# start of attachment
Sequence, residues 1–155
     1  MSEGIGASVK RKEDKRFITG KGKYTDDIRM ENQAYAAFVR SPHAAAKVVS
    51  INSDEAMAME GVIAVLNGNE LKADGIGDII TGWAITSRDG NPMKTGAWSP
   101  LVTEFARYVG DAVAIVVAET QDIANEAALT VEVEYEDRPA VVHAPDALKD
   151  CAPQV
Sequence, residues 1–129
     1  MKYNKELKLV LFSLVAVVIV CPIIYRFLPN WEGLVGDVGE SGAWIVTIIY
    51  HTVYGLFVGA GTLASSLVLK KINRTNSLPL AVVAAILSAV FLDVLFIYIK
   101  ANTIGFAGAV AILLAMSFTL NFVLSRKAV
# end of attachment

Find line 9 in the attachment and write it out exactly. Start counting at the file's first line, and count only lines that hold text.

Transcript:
   101  ANTIGFAGAV AILLAMSFTL NFVLSRKAV